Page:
MH: Our main goal is to create a sustainable business model that will build community, create skate opportunity and play a role in the continued effort to make Memphis an awesome place to live and visit.

Society is a 10,000-sq.ft. skatepark with 2000-sqft skateshop and coffee bar. The skatepark will have ramps and obstacles for all abilities. We will be evolving and changing the park as time goes on. We also have a 10’-vert ramp halfpipe that is 32′ wide and 32’ long. Very few skateparks have a vert ramp this size. We will be on a short list of private skateparks in America that will have this size of vert ramp.

Skaters and BMXers will pay per session. We will offer half day, full day or monthly memberships. Scooters will be allowed, but only those who have Pro Scooters. Every person who wants to ride at the park will have to sign a waiver, or their parents will, in order to ride at Society.

C901: When are you opening your doors?

MH: In the coming months. To keep our costs down, or maybe just because Matthew and I were both very stubborn about doing things ourselves, 80 percent of the buildout and remodel was done by us, with the help of Zac and many volunteers who come to help out.
We don’t have a specific date yet as it depends on inspections and compliance. Once we open, our hours will be 11am to 11pm Monday through Saturday. On Sundays, we will be open from 1 pm to 10pm.

C901: What are your plans for the rest of 2018?

Photo: Society Memphis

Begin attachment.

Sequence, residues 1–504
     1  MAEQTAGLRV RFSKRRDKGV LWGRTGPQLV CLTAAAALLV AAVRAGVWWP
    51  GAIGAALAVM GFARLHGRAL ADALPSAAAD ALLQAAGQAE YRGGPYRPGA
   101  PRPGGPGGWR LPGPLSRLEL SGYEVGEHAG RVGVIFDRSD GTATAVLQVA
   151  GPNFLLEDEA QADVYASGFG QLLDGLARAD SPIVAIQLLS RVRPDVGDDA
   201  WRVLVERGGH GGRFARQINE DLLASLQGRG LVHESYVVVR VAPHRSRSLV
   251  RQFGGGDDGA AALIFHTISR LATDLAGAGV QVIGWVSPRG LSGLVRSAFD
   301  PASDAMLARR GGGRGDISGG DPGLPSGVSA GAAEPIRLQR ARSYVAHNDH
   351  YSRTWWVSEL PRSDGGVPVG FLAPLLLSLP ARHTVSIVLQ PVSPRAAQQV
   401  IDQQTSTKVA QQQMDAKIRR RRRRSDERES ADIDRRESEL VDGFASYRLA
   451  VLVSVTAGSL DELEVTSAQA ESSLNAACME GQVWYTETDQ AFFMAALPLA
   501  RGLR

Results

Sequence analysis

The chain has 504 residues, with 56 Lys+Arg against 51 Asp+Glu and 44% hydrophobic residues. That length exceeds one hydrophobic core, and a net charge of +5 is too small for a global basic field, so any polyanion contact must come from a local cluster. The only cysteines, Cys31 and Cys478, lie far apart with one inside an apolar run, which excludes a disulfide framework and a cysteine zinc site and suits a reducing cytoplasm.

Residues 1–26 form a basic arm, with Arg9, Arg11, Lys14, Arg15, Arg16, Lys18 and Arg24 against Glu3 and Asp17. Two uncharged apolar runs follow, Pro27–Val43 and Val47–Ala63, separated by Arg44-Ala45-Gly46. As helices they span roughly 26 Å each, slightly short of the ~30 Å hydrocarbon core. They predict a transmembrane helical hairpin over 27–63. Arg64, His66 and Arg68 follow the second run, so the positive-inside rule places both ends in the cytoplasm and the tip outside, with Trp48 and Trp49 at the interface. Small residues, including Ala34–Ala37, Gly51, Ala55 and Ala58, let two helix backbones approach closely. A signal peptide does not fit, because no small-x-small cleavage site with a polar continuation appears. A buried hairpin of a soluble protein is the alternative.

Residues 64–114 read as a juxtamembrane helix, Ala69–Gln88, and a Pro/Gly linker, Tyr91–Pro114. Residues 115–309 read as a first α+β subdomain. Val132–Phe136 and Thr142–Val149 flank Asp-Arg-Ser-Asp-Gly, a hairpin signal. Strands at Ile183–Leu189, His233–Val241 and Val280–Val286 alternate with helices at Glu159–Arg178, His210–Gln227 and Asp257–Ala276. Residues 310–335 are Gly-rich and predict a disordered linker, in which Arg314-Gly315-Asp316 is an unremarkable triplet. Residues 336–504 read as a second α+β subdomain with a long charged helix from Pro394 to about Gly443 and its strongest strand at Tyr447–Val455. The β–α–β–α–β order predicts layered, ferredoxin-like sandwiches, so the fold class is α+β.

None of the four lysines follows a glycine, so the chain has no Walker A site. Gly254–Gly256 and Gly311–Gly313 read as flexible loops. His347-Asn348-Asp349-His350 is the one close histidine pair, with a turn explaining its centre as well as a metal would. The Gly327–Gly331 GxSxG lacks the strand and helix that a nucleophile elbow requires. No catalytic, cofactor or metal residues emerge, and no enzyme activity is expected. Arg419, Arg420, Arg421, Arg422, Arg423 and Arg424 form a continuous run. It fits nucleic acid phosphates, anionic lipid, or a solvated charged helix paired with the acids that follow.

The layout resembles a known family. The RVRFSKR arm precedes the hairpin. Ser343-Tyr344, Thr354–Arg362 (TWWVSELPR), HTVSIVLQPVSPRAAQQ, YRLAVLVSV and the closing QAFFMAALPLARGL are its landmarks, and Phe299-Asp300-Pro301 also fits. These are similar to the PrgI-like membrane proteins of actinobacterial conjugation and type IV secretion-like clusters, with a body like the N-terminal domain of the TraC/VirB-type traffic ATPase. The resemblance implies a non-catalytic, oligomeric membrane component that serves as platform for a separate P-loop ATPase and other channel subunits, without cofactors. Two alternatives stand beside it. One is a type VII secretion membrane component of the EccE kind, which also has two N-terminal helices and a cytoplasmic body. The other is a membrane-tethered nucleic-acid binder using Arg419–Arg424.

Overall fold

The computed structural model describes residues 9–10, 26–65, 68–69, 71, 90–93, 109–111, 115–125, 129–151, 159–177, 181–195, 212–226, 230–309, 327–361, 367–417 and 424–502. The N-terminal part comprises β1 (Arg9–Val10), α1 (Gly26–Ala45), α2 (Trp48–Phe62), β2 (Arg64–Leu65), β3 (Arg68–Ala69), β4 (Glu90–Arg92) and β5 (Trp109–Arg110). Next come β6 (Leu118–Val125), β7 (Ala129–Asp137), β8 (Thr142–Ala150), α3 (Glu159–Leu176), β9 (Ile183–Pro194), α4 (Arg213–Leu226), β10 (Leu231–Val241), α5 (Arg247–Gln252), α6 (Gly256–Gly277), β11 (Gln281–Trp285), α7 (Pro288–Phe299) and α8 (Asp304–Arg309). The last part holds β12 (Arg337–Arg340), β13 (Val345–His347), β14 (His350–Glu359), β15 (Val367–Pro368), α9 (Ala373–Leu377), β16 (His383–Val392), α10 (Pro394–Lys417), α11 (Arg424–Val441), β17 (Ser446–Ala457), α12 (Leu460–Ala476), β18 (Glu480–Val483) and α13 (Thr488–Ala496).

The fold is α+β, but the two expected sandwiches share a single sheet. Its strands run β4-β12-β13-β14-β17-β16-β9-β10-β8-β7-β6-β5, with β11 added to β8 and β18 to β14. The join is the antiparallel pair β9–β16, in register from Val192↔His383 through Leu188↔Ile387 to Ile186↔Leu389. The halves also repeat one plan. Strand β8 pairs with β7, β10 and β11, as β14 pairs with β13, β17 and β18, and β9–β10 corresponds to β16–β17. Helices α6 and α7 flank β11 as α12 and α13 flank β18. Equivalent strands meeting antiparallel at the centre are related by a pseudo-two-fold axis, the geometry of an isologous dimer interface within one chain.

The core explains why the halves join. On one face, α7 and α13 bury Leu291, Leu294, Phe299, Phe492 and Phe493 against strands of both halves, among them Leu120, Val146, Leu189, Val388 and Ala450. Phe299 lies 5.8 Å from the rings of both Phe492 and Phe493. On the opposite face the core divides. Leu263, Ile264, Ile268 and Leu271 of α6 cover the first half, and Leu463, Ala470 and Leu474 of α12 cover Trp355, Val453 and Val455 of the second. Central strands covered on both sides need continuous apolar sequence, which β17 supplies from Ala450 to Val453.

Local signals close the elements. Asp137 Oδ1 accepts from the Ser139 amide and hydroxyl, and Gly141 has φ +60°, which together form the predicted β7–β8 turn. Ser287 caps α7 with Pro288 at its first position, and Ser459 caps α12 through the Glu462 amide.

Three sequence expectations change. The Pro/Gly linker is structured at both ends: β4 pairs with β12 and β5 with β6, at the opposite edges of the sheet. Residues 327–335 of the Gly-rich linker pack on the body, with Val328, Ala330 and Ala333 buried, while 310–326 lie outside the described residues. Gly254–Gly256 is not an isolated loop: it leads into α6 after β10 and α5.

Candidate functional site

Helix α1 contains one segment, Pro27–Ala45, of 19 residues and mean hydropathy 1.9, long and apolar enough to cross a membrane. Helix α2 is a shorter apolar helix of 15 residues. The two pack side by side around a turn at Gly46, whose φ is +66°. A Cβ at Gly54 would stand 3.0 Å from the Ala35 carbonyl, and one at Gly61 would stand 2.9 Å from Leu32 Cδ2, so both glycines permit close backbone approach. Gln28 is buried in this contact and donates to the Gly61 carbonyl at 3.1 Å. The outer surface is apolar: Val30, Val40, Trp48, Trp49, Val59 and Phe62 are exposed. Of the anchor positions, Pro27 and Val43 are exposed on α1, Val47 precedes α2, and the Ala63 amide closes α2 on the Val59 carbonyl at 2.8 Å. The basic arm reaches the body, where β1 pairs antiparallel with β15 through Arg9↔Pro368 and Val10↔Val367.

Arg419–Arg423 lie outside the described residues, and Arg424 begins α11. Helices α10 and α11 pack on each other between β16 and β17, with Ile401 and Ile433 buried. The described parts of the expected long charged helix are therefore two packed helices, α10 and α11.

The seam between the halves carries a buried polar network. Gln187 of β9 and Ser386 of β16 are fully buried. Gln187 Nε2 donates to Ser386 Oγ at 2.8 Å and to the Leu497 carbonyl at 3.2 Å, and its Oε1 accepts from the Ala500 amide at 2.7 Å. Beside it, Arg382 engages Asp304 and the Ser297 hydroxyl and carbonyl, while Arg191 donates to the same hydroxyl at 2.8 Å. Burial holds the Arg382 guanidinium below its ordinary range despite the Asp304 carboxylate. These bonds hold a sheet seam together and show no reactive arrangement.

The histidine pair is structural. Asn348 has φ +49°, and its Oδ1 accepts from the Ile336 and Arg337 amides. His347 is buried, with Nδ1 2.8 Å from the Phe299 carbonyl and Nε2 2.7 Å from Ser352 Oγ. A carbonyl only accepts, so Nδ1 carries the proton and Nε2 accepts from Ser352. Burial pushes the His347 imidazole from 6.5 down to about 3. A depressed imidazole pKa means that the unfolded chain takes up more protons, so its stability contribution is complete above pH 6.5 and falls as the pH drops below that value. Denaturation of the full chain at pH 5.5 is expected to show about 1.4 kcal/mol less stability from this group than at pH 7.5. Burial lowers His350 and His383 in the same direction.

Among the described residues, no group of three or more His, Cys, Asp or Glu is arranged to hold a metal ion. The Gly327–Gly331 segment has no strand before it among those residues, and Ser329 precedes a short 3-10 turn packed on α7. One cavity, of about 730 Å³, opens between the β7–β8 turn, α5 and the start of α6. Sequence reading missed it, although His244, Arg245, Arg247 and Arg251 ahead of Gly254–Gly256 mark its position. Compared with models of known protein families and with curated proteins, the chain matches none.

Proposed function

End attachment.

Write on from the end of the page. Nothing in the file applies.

MH: We plan to offer summer skate camp for four weeks. This camp will be for beginners to advance skaters. On Saturday mornings we’ll have a private group for ‘learn to skate’ lessons. In addition, Society will have competitions throughout the year. Currently, we are talking about hosting a Pro-Am event that will bring in some of the country’s top skaters. 

Another large portion of our vision is to showcase art and music. In order to cater to this, Society has intentional, specified areas for local, regional and national artists to display murals and artwork. These art spaces will be scattered throughout the park.

The coffee shop will highlight the live-edge woodwork of my business partner Matthew. This showcase will serve as a “working showroom.” Society will also have wall space available for local artists to display work on rotation.

Every weekend we plan to have live DJs and plan to host a couple of concerts a month. Specifically, these shows will cater to the following genres, and more: Punk, Ska, Groove, Reggae, Hip-Hop, etc. When school is out, we will offer day camps.

Follow Society Memphis on their Facebook page and Instagram feed for updates.

Get a sneak peek of the the skate shop by contacting Skateboard Shop here.